Deborah & all,

I love the exercise suggested by Gary Probst! I'm a big fan of this kind of
consciousness-raising exercise. More often than not, it's a matter of
selling the students on study habits. As an addendum:

Give two groups of students the same list of 20 or so words. (Pick keywords
at random from an upper-level textbook, so that a good many are unfamiliar
to them.) Tell them it's simply a memory exercise. Give one group a simple
set of directions, such as "Memorize the following 20 words. You have 10
minutes to review the list right now. You will be quizzed tomorrow morning."
Give the other group more directive instructions: "Memorize the following 20
words. You will have 10 minutes to review the list right now. You might find
it helpful to write the words down to review them later. Suggestion: try
grouping the words into categories, either by meaning, by the roots or
prefixes or suffixes, or even by initial letter. Quiz yourself a few times
between now and tomorrow morning, to make sure you can, indeed, recall all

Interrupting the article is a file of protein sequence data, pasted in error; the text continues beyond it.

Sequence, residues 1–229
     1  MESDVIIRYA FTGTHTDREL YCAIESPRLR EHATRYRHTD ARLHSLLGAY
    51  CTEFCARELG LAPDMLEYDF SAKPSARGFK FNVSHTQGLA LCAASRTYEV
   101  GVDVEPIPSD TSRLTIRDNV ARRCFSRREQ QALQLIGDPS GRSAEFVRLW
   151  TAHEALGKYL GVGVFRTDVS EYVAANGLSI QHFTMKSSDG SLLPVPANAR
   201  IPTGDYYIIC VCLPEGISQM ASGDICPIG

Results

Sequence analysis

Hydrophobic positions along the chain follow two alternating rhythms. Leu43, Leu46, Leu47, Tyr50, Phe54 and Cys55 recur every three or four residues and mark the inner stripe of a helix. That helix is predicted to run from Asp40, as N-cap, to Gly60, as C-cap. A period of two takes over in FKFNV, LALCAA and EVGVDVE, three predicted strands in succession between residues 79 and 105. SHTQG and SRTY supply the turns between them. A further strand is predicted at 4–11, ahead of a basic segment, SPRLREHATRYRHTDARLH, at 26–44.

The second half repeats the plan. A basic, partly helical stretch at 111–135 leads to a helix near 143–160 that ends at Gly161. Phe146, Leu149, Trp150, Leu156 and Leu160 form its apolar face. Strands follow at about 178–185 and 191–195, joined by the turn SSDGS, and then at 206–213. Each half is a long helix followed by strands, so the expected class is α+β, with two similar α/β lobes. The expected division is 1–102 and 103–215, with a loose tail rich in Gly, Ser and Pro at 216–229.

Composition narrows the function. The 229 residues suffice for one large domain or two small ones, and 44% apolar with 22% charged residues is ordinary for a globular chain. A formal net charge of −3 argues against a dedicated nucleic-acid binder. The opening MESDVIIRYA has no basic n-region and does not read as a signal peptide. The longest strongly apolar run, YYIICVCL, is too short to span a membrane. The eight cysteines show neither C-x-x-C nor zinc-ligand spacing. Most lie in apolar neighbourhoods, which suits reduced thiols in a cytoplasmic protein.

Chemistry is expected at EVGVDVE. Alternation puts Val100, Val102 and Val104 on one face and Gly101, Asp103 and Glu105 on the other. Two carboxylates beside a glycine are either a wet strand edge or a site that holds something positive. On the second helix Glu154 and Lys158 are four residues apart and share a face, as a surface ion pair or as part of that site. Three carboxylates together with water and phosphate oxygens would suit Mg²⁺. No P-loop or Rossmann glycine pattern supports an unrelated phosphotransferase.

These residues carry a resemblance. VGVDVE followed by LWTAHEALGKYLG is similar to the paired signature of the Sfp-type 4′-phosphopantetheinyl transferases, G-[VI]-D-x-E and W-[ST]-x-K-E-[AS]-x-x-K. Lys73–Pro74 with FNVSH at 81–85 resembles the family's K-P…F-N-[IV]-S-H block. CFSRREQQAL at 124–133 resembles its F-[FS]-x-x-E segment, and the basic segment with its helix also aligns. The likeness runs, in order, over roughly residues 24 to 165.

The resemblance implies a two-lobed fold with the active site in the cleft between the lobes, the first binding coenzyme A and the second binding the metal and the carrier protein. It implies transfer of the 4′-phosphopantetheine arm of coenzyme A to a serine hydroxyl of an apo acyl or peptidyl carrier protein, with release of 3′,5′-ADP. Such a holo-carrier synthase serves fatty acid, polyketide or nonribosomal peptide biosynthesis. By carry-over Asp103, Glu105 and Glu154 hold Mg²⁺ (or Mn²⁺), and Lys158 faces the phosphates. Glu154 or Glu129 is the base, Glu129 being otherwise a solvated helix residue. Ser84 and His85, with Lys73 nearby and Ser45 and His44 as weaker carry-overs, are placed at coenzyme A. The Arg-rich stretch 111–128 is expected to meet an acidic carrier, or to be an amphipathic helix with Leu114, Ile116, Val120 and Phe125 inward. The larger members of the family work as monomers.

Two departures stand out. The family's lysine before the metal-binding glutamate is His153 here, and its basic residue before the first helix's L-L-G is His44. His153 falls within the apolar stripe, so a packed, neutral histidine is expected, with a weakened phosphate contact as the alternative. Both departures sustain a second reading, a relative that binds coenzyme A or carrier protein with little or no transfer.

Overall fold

20. You will be quizzed tomorrow morning."

Quiz the students, and have them compare notes about scores and how they
prepared. The exercise may help raise consciousness about careful reading of
instructions and taking initiative in learning, especially if a student
opines, "But I thought I only had 10 minutes!" Students will, one would
hope, start seeing good memory less as a function that one either has or
doesn't have, and more as a result of memory-reinforcing habits.

--Steve Runge
Academic Skills Coordinator
St. Lawrence U.
Canton, NY 13617
[log in to unmask]

>Deborah Pratt Sawoscinski wrote:
>> This is probably a poorly-timed question with folks breaking for a few
>> days, but I would like to do an activity as part of a study skills
>> workshop/tutorial that helps students
>> experience/discover the fact that it takes time and focus to learn.